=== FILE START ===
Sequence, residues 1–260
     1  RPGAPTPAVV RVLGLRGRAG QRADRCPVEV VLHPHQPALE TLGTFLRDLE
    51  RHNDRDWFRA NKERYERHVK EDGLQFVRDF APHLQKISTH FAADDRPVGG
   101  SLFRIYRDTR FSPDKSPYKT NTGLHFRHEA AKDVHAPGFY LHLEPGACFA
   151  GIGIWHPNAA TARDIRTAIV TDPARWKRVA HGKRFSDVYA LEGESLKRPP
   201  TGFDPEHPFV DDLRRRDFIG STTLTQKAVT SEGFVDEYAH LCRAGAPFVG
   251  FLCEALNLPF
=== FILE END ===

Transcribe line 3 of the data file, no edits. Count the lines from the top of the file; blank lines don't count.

    51  RHNDRDWFRA NKERYERHVK EDGLQFVRDF APHLQKISTH FAADDRPVGG